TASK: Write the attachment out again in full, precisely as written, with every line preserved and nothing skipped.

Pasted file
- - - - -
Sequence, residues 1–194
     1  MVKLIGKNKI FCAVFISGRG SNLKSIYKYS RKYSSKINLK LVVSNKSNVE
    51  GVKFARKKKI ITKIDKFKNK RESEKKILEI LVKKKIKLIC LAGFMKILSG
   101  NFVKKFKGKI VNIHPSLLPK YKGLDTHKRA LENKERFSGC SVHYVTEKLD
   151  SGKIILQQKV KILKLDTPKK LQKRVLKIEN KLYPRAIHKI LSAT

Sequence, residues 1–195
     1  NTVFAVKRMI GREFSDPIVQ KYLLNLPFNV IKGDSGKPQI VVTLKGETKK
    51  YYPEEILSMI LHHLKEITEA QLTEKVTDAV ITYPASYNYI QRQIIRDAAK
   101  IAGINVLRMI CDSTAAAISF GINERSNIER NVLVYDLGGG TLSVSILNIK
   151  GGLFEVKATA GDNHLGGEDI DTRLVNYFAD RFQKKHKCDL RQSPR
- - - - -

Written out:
Sequence, residues 1–194
     1  MVKLIGKNKI FCAVFISGRG SNLKSIYKYS RKYSSKINLK LVVSNKSNVE
    51  GVKFARKKKI ITKIDKFKNK RESEKKILEI LVKKKIKLIC LAGFMKILSG
   101  NFVKKFKGKI VNIHPSLLPK YKGLDTHKRA LENKERFSGC SVHYVTEKLD
   151  SGKIILQQKV KILKLDTPKK LQKRVLKIEN KLYPRAIHKI LSAT

Sequence, residues 1–195
     1  NTVFAVKRMI GREFSDPIVQ KYLLNLPFNV IKGDSGKPQI VVTLKGETKK
    51  YYPEEILSMI LHHLKEITEA QLTEKVTDAV ITYPASYNYI QRQIIRDAAK
   101  IAGINVLRMI CDSTAAAISF GINERSNIER NVLVYDLGGG TLSVSILNIK
   151  GGLFEVKATA GDNHLGGEDI DTRLVNYFAD RFQKKHKCDL RQSPR